After Sutter, Jay Feaster gobbled up this directive and instilled his own - centered around hockey IQ, speed and skill. Obviously, the fans loved it. Sven Baertschi, the first Feaster pick, was (unfairly) crowned the "second coming" and the solution to all of the Flames' problems. After almost a decade of drafting big, Alberta boys, you can't blame everyone for getting excited over the diminutive, hyper skilled European.
The problem was however, Feaster zoomed all the way to the other side of the spectrum, now seemingly ignoring - albeit not completely - size and building team only with players that had good hockey IQ, speed and skill. For a while that was fine, as it evened the scales - so to speak - in the organization and gave it a good blend of players over, and under, six foot.
However, when Brian Burke filled his new role as President of Hockey Operations, the organization found itself shifted to an uncharted territory of the spectrum. They had plenty of players with a lot of skill, both on the roster and in the system, but not a lot of it could reach the cookie jar on the top shelf. They were getting pushed around and admit it, was pissing off the fans just as much as it pissed off management. Brian Burke and Brad Treliving have gone about changing this reality. Obviously, the game plan is centered around acquiring big bodied presences, but not those who aren't worth a damn in any other aspect of the game. No more "coke machines", so to speak.
You may read this, glance at the Flames' summer acquisitions and scoff, but from what I've been able to gather, Brandon Bollig is a fourth liner who can actually play, and Deryk Engellend is... well ... ah forget it. I have no idea what to say to that one. Although, maybe we'll find out he can actually play the ice hockey rather proficiently come October? Or maybe not. David Wolf by all accounts is a skilled fridge, which is always fun. Kind of reminds me of Dwight King in LA, who's a player most would like on their teams.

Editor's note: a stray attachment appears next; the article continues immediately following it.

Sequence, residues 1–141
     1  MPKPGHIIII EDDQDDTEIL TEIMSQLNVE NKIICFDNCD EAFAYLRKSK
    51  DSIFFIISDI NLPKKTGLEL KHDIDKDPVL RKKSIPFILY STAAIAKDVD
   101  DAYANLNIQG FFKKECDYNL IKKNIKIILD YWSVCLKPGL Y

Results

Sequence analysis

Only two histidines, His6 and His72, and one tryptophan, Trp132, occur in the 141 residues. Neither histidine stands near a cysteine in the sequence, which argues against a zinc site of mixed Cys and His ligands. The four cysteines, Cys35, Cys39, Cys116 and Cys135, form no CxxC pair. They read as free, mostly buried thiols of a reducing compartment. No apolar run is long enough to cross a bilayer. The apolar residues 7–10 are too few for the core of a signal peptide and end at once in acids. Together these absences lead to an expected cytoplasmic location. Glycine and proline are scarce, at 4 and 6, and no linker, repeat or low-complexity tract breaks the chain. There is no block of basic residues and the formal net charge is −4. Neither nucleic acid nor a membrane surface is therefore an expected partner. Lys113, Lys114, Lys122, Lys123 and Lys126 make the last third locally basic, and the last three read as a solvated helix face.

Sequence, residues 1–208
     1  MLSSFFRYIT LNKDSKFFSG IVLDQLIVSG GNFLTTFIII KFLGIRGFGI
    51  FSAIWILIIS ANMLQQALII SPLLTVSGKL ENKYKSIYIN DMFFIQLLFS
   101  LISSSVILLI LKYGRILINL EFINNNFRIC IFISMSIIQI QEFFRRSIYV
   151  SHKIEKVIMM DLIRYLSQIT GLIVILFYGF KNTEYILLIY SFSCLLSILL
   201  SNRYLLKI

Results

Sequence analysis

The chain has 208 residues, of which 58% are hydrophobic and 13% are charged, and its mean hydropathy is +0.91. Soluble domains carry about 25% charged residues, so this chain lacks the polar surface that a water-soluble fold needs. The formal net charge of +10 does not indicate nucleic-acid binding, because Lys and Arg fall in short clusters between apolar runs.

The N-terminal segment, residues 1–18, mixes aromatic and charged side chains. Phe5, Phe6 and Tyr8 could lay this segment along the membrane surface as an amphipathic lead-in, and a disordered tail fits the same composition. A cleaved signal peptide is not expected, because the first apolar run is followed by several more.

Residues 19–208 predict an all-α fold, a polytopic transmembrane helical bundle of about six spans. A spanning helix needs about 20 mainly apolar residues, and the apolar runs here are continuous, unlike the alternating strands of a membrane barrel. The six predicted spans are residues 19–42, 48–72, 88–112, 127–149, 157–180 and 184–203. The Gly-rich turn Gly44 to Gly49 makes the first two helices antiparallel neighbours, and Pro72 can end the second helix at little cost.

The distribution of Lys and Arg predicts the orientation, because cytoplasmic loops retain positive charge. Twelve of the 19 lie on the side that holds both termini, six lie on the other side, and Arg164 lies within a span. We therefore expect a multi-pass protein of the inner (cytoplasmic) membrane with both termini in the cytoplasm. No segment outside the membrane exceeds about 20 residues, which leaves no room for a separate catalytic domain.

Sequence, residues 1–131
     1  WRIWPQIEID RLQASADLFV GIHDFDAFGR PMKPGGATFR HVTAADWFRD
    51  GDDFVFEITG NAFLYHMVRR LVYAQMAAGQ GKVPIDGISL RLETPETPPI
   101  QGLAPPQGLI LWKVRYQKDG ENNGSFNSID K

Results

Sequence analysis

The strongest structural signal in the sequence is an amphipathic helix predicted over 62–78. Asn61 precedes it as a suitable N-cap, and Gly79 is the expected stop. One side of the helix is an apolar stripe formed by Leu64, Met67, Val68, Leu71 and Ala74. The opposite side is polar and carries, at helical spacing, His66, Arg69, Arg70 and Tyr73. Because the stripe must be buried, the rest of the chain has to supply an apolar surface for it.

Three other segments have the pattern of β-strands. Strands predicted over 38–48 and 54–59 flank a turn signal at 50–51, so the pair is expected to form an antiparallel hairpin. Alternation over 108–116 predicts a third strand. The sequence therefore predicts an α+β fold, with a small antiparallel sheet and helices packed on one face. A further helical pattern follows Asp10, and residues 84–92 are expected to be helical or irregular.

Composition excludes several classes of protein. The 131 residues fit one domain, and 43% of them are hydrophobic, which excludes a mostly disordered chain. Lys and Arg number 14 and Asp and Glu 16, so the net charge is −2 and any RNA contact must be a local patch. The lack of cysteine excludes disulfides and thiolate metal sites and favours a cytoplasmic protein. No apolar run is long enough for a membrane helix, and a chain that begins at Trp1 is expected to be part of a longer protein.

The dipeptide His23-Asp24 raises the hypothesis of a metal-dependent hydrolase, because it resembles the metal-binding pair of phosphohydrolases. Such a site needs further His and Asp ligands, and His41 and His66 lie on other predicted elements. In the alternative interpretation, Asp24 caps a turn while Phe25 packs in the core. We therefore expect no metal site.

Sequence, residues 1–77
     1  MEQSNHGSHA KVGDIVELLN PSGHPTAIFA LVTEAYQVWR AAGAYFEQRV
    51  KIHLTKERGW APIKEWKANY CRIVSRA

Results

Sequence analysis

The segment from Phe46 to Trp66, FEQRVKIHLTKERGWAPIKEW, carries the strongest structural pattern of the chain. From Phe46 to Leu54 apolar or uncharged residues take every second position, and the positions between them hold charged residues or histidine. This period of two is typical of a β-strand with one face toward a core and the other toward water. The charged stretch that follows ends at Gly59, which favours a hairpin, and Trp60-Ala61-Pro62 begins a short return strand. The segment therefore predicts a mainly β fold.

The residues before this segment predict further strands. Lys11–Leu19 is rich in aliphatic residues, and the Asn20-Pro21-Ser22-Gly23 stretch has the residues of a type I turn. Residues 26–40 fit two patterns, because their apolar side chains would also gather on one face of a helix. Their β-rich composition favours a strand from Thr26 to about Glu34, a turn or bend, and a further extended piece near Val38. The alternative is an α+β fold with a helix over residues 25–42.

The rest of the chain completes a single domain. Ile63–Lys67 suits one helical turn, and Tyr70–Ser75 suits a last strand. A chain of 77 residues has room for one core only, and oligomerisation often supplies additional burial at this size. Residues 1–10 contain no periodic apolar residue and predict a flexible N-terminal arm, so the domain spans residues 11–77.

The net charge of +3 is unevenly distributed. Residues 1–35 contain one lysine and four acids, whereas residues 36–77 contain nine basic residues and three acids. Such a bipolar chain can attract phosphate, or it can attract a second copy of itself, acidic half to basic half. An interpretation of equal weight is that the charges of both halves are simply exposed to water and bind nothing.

Even the draft showed us that although size is the new mandate, "Sutter" style size is a thing of the past. Hunter Smith showed pretty well in Dev Camp, at the very least showing he can play. He'll likely be on Oshawa's 1st line this coming season which will satisfy our thirst for those superficial goal and point totals. Brandon Hickey can flat out fly at 6'2 and Adam Ollas Mattsson is an up and coming rock on Sweden's National Junior blueline.
Sure, Burke and Treliving have reeled in a plethora of players with size, but they aren't just big players, they're big hockey players. It's a difference Sutter just couldn't comprehend, or care about, during his time here. "BB" and "BT" are building a winning team with a blueprint constructed around today's NHL and the way the game is played in 2014. Yeah you need speed and skill, but without size to complete the threesome, success will be harder to come by; see: Colorado Avalanche.
The men running this organization are extremely smart hockey individuals and if presented with an opportunity to make this team better, they will take it. Whether that opportunity stands 5'10 or 6'10. When the 2015 NHL Draft and it's glut of talent rolls around, I trust the Calgary Flames will select the Best Players Available, not the Tallest Players Available or Heaviest Players Available.
While it may be hard to see sometimes with PTSD screwing with your head, this team is headed in the right direction and the influx of size isn't necessarily a sign of things to come, rather a balancing of the scale in the organization. After all, greatness is achieved in equilibrium.